Background: Inflammatory bowel disease (IBD) is associated with a higher prevalence of opportunistic infections. Epstein–Barr virus (EBV) is a ubiquitous virus related to several malignancies, namely lymphoma; its prevalence in patients with IBD and its relation with different therapeutic regimens are not well studied.
Methods: Patients followed in our IBD outpatient clinic were consecutively enrolled for participation in a prospective study, and healthy volunteers were recruited as controls. EBV DNA was measured at least 1 time in each patient.
Results: Three hundred and seventy-nine individuals were enrolled in the study (93 treated with 5-aminosalicylates, 91 with azathioprine, 70 with infliximab, 43 with combined treatment with infliximab and azathioprine, and 82 controls). More than 90% of the patients had previous EBV exposure. EBV DNA was found in 132 samples (35%); its prevalence was significantly higher in every group of patients with IBD, comparing to controls. Among patients with IBD, infliximab with or without azathioprine was related to higher prevalence of EBV comparing to azathioprine alone or 5-aminosalicylates (P < 0.05). Age above 60 years was related to EBV DNA positivity with a specificity of 92%. Concerning treated groups, ulcerative colitis was the only risk factor identified for high levels of EBV DNA (>1000 and 2500 copies per milliliter). No relationship was found between EBV and C-reactive protein.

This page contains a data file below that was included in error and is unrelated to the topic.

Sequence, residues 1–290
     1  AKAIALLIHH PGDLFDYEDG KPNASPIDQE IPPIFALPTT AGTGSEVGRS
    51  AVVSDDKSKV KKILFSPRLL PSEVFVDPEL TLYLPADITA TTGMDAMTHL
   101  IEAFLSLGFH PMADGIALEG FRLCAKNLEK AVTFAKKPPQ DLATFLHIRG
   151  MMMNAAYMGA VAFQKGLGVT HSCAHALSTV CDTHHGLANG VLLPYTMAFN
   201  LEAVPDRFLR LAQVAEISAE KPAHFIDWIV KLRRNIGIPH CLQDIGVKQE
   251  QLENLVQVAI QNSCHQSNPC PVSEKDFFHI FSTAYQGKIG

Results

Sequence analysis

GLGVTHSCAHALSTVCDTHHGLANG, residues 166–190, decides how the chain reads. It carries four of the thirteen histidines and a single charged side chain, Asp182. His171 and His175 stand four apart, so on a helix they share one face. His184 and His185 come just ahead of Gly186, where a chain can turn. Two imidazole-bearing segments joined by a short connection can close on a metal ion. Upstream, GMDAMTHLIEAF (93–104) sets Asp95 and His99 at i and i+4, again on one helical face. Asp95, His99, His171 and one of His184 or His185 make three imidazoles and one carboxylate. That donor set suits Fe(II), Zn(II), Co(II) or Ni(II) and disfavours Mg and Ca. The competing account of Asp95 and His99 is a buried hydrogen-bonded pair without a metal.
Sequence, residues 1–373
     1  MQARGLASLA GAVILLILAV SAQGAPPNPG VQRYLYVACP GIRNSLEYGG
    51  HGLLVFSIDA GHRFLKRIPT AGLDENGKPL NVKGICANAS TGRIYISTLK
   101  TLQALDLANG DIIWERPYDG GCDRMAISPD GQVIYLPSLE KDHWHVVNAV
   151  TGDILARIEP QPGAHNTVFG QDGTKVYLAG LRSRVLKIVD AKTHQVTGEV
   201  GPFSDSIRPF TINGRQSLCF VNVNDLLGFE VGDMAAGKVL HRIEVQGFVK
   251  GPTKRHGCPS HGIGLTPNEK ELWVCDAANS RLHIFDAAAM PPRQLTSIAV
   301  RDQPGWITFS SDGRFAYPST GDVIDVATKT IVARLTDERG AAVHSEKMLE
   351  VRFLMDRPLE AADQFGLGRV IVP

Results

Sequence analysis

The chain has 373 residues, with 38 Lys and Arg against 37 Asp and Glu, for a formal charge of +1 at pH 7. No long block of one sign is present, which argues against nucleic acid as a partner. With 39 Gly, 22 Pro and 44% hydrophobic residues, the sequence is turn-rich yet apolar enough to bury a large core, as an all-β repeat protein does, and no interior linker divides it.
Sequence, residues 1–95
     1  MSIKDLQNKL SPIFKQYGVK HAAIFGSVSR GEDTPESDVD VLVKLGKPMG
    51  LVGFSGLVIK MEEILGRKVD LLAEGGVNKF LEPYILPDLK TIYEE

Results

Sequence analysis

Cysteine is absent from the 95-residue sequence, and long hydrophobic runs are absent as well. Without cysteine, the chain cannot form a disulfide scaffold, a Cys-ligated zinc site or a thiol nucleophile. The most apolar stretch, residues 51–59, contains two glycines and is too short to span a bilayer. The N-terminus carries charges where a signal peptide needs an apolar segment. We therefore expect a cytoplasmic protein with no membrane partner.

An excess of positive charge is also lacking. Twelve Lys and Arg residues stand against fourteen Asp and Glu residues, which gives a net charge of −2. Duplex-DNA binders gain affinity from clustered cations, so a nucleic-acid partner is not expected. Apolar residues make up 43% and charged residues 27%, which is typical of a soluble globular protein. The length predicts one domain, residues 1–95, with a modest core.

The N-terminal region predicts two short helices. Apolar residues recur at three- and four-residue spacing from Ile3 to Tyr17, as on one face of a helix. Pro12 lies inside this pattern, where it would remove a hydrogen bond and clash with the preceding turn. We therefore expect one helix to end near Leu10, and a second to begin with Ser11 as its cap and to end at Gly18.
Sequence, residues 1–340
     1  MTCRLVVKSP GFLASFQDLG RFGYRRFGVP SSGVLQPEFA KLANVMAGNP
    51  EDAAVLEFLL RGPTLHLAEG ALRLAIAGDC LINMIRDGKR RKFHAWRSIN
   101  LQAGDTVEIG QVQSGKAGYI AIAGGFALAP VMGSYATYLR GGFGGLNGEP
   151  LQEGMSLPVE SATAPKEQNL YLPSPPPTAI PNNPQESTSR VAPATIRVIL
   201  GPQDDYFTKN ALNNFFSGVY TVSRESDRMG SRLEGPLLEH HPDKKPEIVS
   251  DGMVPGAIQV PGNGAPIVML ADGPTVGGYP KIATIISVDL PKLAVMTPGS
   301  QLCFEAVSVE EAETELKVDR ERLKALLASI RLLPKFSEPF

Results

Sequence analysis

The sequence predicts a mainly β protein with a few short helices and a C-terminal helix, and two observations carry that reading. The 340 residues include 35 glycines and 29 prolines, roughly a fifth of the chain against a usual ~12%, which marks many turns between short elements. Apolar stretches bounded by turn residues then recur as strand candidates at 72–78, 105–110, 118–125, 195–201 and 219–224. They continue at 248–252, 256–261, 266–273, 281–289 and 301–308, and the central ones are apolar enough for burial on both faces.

Conclusions: IBD is a risk factor for the presence of EBV DNA in blood, particularly in older patients and in those taking infliximab. C-reactive protein was not related to EBV DNA prevalence.
Article first published online 10 April 2013
*Department of Gastroenterology, Centro Hospitalar S. João, Porto, Portugal
†Institute of Pharmacology and Therapeutics, University of Porto, Porto, Portugal
‡IBMC–Institute for Molecular and Cell Biology, University of Porto, Porto, Portugal
§Department of Biochemistry, University of Porto, Porto, Portugal
‖CEBIMED–Biomedicine Research Center, Faculty of Health Sciences, University Fernando Pessoa, Porto, Portugal
¶Clinical Pathology Department, Centro Hospitalar S. João, Porto, Portugal and
**CIDES–Department of Health Information and Decision Sciences, University of Porto, Porto, Portugal.
Reprints: Fernando Magro, MD, PhD, Institute of Pharmacology and Therapeutics, Faculty of Medicine, University of Porto, Al. Prof. Hernâni Monteiro, 4200-319 Porto, Portugal (e-mail: firstname.lastname@example.org).
Fernando Magro and João Santos-Antunes contributed equally in the design, conception, analysis, and paper writing.
The authors have no conflicts of interest to disclose.
Received September 18, 2012
Accepted November 01, 2012